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Create Sales Activators to Grow Professional Services Revenue

Sales & Business Development

In many industries, processes such as lead generation, sales, product delivery, customer success, and account management are distinct functions. However, in professional service firms, partners and consultants often wear multiple hats as “doer-sellers,” overseeing both business development and the delivery of services.

Consultants in professional services actively promote their expertise and services, secure new projects, carry out the work, and strive to foster long-term client relationships. This model is typical among management consultants, lawyers, accountants, public relations specialists, and executive search professionals to name a few.

Historically, once a consultant engaged with a client, there was a strong likelihood of repeat business. Nowadays, client loyalty is waning, with many seeking new consultants for the same services with the aim of cutting costs.

A Harvard Business Review (HBR) survey highlighted this shift. Five years ago, 76% of 100 C-level executives indicated they were likely to reengage with their previous consultants. That figure has since fallen to 53%, with projections suggesting a further decline to 37% over the next five years.

Client Re-Engagement Rate with Professional Services

Business development practices — under the hood

Amid client demands for lower costs from service providers, the performance gap is becoming more pronounced. To examine this, HBR and Intapp conducted a comprehensive study involving nearly 1,800 partners from 23 firms, aiming to dissect their business development tactics and the effect on their success. This research scrutinized various factors including business development strategies, behavior patterns, time management, and resource utilization. Additionally, firm managers and leaders were asked to assess the performance of their partners.

The study also included detailed interviews with 80 high-achieving partners and 40 C-level executives from the participating firms.

The findings revealed five distinct profiles of business development approaches employed by partners at professional service firms, offering insights into the diverse strategies of engaging in business growth activities.

The study identifies five distinct business development profiles among partners at professional service firms:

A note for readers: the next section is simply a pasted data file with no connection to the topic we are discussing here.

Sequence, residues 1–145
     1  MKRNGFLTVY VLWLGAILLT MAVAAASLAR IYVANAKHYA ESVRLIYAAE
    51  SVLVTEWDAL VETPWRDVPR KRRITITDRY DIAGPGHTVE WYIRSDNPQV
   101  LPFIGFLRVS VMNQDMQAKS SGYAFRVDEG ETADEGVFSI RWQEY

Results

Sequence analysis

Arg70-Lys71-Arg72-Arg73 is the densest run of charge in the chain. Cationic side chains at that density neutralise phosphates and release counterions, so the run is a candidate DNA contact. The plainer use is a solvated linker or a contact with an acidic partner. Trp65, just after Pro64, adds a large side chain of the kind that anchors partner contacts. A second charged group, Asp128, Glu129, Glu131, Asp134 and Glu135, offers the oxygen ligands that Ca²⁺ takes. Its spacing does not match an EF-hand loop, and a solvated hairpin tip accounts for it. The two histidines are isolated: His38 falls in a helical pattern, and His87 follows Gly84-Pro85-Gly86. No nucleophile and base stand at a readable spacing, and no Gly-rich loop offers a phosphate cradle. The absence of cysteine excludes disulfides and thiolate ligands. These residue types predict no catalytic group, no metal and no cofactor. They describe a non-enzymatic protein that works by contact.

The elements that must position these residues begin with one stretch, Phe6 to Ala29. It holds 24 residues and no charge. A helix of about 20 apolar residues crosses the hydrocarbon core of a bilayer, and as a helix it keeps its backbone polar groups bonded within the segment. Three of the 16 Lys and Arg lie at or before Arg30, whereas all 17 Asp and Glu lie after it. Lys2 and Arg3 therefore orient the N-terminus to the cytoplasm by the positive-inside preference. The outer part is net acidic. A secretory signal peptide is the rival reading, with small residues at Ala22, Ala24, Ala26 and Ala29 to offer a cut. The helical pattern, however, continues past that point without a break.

ExpertsRespond to the existing demand in the market rather than creating new demand.

Possess deep knowledge in specific areas that meet client needs.

Prioritize working with clients who have predefined budgets.
ConfidantsAre extremely attentive to the requirements of clients

Provide outstanding value

Establish profound connections with clients

Use an impressive history of client projects to secure new opportunities

Focus on relationships with top-level clients
DebatersHold strong views and is opinionated

Debate clients on what they think is best for their business

Deliver innovative solutions

Have high expectation the client will agree with their plan
RealistsFocus on setting clear expectations with clients.

Discuss budgets, fees, and timelines openly.

Refuse client requests if necessary to avoid non-beneficial outcomes.
ActivatorsEngage in networking through events and social media to build a robust client base.

Keep clients informed about significant trends and updates.

Proactively propose new collaborative opportunities to clients.

Link clients with additional partners and expertise, enhancing referral opportunities.

And the winner is…

The study revealed that, regrettably, four of the five profiles were associated with subpar performance. Only the Activator profile exhibited a positive influence on both performance and revenue generation.

Compared to the other profiles, sales Activators achieved up to a 32% increase in revenue. On the other end of the spectrum, the Expert profile experienced a decline in revenue generation by as much as -15%.

What do Sales Activators do, that others don’t?


Activators dedicate a significant portion of their day—up to half—to business development efforts, including identifying and engaging potential clients on platforms like LinkedIn and participating in both industry-related and firm-sponsored events to nurture relationships with both new and existing clients.

Crucially, sales Activators allocate specific times in their agenda for these activities, balancing their focus evenly between nurturing existing relationships and cultivating new ones.

In contrast, non-Activators tend to rely on work from existing clients, hence spending most of their time with them rather than expanding their network with potential new clients.